Instructor: Dr. Lajos SOUKUP
Website of the course: http://www.renyi.hu/~soukup/set_14f.html
Text: The course is based on printed handouts
Books:P. Halmos: Naive Set Theory
P. Hamburger, A. Hajnal: Set Theory
K. Kunen: Set Theory, Chapter 1.
T. Jech: Set Theory, Chapters 1--6.
K. Ciesielski: Set Theory for the Working Mathematician
Prerequisite: Some familiarity with "higher" mathematics. No specific knowledge is expected.
Course description
The goal of the course is threefold:
- We get an insight how set theory can serve as the foundation of mathematics: all mathematical concepts, methods, and results can be represented within set theory.
- we learn how to use set theory as a powerful tool in algebra, analysis, and even geometry,
- Since set theory is also an independent branch of mathematics, like algebra or geometry, with its own subject matter, basic results, open problems, the course tries to catch a glimpse of some results and problems from contemporary set theory, especially from infinite combinatorics.
A: 80-100%, B: 70-79%, C: 60-69%, D: 50-59%
Topics:
- Classical set theory: "By a set we are to understand any collection onto a whole of definite and separate objects of out intuition or our thought." (Cantor)
Basic principles:
- Extensionality: Two sets are equal if and only if they have the same elements.
- General principle of comprehension: If P(x) is a property, then there is a set Y={x:P(x)} of all elements having property P.
- Countable and uncountable sets. An application: there are uncountably many transcendental real numbers.
- Inductive constructions. A sample problem: "A flea is moving on the integer points of the real line by making identical jumps every seconds. You can check one integer every seconds. Catch the flea!"
- Ramsey Theory. How to prove the finite Ramsey theorem from the infinite one? König lemma: an infinite, locally finite tree should contain infinite paths. Applications: a countable graph is n-colorable if and only if its every finite subgraph is n-colorable.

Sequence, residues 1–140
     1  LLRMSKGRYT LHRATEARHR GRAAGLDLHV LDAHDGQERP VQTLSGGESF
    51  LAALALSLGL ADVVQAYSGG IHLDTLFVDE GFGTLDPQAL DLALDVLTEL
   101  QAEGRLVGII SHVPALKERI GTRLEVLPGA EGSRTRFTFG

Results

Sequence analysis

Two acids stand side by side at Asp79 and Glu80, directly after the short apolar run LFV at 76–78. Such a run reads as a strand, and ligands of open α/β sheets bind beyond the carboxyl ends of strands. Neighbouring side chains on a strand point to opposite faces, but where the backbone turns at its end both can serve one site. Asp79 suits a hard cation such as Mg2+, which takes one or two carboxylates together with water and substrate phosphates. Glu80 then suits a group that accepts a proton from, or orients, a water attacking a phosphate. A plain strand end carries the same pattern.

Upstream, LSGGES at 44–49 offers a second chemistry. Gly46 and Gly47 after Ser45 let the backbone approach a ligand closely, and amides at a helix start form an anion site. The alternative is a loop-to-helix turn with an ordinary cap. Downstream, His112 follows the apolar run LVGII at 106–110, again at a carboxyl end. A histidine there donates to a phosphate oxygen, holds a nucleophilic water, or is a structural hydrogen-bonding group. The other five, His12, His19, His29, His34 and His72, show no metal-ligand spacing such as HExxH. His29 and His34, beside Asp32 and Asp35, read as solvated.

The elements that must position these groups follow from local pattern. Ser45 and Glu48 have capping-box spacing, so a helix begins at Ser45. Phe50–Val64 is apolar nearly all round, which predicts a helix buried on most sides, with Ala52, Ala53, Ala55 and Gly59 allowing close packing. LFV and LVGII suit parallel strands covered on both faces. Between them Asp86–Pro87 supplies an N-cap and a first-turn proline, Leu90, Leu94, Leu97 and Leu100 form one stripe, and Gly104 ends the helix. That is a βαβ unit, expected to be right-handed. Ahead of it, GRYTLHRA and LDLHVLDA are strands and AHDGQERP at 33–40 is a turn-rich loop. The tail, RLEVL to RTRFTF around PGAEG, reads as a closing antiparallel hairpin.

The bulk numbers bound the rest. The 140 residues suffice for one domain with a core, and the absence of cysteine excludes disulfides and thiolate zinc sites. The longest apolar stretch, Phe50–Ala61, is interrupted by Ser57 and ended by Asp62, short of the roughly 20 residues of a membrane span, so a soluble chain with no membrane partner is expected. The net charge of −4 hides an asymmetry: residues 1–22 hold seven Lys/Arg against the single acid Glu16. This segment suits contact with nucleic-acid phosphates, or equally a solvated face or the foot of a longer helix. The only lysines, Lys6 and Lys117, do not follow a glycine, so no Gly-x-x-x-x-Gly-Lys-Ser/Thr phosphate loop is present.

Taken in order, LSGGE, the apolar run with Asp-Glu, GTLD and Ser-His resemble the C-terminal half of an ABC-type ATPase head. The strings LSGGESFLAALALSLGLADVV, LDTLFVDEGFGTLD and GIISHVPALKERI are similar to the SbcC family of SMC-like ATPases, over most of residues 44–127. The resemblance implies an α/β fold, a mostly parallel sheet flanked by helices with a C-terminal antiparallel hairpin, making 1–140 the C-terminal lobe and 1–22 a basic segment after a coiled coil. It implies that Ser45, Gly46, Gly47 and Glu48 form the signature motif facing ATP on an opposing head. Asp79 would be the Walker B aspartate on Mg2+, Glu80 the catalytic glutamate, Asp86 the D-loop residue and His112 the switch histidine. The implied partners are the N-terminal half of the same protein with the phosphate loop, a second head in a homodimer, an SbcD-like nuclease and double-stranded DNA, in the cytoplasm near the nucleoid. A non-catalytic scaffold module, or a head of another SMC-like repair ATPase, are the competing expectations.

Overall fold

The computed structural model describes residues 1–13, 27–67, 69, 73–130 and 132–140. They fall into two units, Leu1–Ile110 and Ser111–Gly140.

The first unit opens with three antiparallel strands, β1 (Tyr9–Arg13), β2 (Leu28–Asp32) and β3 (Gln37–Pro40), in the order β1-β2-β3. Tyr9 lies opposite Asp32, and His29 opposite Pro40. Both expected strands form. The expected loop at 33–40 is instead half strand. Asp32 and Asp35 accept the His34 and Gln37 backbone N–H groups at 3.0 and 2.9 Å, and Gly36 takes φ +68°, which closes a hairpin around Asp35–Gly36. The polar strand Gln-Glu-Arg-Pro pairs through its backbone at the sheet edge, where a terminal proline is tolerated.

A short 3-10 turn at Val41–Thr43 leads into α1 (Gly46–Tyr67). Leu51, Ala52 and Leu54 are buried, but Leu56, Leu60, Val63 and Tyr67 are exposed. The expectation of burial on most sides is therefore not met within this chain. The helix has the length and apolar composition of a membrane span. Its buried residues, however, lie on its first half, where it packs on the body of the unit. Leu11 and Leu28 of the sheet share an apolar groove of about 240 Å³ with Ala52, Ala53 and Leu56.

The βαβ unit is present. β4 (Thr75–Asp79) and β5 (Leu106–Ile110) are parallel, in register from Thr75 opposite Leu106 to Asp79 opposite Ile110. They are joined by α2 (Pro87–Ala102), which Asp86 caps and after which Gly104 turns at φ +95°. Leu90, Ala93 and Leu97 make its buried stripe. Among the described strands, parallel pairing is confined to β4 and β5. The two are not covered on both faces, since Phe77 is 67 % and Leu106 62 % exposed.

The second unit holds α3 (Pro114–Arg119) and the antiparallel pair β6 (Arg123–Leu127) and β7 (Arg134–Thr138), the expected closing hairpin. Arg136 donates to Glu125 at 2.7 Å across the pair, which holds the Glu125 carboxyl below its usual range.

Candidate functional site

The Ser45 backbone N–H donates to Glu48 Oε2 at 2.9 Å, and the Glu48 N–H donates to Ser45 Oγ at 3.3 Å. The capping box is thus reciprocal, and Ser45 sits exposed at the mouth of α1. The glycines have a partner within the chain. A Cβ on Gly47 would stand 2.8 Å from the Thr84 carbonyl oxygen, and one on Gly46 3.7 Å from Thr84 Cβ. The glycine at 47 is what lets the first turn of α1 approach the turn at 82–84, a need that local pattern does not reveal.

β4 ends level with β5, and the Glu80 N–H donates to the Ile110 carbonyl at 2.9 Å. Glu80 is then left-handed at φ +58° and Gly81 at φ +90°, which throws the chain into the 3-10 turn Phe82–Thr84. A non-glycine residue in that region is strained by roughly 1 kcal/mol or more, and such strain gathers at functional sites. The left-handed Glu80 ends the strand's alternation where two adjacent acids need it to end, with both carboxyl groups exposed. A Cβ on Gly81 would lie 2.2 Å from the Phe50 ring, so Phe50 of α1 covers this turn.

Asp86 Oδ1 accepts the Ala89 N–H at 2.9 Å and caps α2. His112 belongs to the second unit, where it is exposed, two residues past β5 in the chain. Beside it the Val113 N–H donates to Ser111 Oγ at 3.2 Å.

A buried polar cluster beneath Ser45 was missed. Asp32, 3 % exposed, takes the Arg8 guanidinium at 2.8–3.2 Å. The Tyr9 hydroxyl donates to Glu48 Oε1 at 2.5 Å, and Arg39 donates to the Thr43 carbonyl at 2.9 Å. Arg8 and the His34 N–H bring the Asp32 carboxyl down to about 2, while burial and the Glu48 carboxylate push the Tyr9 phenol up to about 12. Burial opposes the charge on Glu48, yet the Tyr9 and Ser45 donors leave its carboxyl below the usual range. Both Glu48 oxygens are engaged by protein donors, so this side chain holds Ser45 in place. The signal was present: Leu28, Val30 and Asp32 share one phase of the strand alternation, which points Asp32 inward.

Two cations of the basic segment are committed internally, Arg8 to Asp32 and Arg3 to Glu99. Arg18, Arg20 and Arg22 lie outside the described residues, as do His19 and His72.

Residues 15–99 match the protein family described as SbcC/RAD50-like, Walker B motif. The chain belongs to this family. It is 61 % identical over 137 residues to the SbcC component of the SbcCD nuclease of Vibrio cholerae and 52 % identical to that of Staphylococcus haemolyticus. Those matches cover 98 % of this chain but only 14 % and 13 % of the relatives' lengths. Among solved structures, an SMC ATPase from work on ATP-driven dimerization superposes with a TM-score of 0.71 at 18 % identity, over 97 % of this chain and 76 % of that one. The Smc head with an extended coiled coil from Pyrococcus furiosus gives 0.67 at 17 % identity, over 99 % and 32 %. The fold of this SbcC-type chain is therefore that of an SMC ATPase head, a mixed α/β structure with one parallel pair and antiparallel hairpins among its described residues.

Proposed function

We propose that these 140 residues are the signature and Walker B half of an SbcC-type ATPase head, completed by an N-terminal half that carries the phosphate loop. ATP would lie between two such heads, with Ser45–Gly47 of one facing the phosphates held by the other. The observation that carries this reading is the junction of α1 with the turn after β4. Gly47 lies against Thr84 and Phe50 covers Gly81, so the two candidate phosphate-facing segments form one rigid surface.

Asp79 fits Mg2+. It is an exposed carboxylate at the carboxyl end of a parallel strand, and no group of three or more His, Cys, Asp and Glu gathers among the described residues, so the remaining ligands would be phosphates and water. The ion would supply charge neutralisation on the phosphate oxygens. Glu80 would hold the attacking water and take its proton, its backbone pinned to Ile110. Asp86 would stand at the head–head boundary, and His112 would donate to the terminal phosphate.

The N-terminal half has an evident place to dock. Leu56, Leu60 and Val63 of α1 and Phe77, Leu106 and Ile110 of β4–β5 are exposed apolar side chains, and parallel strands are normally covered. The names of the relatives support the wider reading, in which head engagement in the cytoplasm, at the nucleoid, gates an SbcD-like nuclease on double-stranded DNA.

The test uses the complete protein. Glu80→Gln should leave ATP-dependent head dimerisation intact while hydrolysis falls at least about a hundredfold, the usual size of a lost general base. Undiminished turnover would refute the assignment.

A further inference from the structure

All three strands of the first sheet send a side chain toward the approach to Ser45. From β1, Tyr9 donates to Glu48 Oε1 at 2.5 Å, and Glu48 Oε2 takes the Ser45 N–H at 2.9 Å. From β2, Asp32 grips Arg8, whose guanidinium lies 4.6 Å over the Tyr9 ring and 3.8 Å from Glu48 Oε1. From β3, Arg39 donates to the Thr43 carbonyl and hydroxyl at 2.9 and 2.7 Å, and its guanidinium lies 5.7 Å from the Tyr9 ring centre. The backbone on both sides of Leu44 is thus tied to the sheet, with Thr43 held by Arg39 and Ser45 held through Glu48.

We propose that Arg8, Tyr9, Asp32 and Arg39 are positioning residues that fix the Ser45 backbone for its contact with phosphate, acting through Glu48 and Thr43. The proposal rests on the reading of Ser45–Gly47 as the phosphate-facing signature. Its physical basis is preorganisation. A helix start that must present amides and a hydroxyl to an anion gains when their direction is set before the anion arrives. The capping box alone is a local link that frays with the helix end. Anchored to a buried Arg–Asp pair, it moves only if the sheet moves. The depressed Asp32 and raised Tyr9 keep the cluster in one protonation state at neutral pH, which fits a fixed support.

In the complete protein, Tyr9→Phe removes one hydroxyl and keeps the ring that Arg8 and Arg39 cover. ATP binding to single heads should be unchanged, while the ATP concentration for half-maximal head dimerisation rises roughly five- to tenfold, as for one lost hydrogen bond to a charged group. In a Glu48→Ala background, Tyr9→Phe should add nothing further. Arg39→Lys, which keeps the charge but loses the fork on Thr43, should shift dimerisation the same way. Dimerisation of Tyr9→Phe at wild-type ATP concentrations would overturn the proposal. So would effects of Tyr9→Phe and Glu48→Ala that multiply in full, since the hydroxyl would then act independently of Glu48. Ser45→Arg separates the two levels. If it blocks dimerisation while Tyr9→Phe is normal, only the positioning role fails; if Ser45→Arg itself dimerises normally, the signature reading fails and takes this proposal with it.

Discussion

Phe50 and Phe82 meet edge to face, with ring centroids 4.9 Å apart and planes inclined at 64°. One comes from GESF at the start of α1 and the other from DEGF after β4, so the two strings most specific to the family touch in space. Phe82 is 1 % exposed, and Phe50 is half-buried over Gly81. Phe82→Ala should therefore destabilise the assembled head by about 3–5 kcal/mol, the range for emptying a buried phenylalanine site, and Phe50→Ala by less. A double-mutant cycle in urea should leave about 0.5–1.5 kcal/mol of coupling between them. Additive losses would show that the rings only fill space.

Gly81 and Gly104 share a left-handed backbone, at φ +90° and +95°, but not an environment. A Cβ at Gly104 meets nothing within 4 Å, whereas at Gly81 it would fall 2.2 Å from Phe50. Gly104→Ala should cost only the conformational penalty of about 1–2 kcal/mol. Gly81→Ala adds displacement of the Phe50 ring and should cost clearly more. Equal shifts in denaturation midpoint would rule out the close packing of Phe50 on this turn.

- Cardinalities. Comparing the size of infinite sets. Cardinalities. Basic operation on cardinalities. Elementary properties of cardinal numbers. Cantor-Bernstein 'Sandwich' Theorem and its consequences, |A| < |P(A)|.
- More on cardinal numbers: Calculations with cardinals, 2^{.} = c (the cardinality of the real line), there are c many continuous functions, 1ˇ 2 ˇ 3 ˇˇˇ = c, the cardinal numbers c, 2^{c}, etc., K.nig's Inequality.
- The crucial notion of "well-ordering", ordinal numbers: Definition, properties, calculations with ordinals.
- The heart of the matter: The Well Ordering Theorem: we can enumerate everything, the Theorem of Transfinite Induction and Recursion, the Fundamental Theorem of Cardinal Arithmetic: x^{2}= x for every cardinal x.
- Applications (as many as time permits):
- Every vector space has a basis; Hamel basis; the additive groups of the reals and of the complex numbers are isomorphic.
- Mazurkiewicz theorem: there is a subset of the plain which intersects every line in exactly two points
- Cauchy's Functional Equation: find non-trivial solutions of the function equations f(x)+f(y)=f(x+y),
- Dehn's Theorem about decompositions of geometric bodies
- the Long Line
- the function f(x)=x is the sum of two periodic functions,
- Sierpinski's Theorem and the Continuum Hypothesis,
- decomposition of R^{3} into congruent circles,
- Goodstein's Theorem.
- Contradictions in mathematics? The fall of naive set theory.
The comprehension principle of Frege leads to contradictions.
- Russel's Paradox: Does the set of all those sets that do not contain themselves contain itself?
- Berry's Paradox: 'The least integer not nameable in fewer than nineteen syllables'
- The solution: Axiomatic approach (without tears): Mathematical logic in a nutshell. Variables, terms and formulas. The language of set-theory. Zermelo-Fraenkel Axioms.
- Basic Set Theory from the Axioms: Ordered pairs. Basic operations on sets. Relations and functions. Cartesian product. Partial- and linear-order relations.
- A glimpse of independence proofs: How can you prove that you can not prove something?